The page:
Florida Black Bear Showcases Need for Wildlife Corridors
Ever wonder what motivated the team to dedicate their lives to the Florida Wildlife Corridor mission?
Wildlife Biologist, Joe Guthrie, began studying and tracking Florida Black Bears for his graduate thesis with the University of Kentucky in 2006. A few years later in 2009, Joe and his colleagues tracked a Florida Black Bear known as M34 with GPS. M34's movements started near Sebring, but over the corse of two months marched north all the way to Interstate 4 before having to turn around. M34 was unable to cross the busy roadway of Interstate 4 and had to travel all the way back down to Lake Okeechobee and Fisheating Creek, not far from where he started his journey.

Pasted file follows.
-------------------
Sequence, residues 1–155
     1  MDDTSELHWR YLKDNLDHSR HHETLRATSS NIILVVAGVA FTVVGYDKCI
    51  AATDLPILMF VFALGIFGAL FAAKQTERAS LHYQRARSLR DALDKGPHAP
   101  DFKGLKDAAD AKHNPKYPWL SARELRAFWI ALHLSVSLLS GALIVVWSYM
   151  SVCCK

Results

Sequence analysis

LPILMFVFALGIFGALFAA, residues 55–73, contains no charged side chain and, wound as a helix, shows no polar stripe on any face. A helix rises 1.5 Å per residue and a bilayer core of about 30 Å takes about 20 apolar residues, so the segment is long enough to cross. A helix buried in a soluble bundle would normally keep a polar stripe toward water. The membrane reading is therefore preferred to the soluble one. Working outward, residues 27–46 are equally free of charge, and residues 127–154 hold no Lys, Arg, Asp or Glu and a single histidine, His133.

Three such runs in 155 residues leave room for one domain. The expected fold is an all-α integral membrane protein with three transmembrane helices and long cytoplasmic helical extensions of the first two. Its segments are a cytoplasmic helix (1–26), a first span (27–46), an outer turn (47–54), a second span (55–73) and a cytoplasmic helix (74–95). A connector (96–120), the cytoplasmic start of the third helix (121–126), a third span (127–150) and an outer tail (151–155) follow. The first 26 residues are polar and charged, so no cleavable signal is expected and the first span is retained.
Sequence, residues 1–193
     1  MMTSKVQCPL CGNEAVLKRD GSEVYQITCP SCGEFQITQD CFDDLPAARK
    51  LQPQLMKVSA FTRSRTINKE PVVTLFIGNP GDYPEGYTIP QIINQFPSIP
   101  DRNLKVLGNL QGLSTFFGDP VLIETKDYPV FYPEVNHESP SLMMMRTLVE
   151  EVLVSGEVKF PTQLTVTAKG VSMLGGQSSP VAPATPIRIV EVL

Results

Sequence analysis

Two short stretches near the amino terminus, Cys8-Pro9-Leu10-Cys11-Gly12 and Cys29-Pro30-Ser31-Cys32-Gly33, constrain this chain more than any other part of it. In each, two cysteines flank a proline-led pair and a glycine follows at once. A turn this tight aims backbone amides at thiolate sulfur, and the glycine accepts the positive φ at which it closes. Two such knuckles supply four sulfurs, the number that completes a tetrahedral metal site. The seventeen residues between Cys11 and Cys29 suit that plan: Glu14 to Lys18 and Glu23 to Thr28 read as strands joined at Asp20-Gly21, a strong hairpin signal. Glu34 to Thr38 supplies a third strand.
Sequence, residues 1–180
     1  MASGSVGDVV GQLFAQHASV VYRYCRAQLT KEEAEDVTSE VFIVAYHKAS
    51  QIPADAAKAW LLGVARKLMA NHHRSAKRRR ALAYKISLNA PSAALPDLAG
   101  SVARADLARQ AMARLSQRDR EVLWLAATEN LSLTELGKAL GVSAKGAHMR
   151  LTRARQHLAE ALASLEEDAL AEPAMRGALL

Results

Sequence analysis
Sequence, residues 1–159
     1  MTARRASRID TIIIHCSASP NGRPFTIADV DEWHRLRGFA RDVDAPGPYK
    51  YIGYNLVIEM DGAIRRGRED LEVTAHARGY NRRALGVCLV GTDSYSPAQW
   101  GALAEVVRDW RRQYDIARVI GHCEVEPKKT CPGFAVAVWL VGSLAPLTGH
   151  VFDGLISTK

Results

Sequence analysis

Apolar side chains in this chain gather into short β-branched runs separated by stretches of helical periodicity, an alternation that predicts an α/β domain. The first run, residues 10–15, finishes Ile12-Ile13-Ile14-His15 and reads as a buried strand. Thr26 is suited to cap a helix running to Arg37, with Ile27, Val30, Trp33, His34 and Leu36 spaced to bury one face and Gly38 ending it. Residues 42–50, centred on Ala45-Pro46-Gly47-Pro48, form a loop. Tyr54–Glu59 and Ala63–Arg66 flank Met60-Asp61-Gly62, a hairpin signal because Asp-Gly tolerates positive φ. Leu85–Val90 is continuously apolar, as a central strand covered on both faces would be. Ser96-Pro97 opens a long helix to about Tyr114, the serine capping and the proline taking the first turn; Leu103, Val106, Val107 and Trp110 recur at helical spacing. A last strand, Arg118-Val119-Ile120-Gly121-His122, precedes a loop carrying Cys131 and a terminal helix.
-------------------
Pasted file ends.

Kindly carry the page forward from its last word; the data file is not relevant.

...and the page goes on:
Check out a short three minute video all about Joe and Florida Black Bear, M34.
The inability for wildlife to move and exchange genes into different populations makes animals susceptible to diseases and inbreeding. Therefore, conservation easements and federally protected lands are critical to healthy wildlife populations in the state of Florida.
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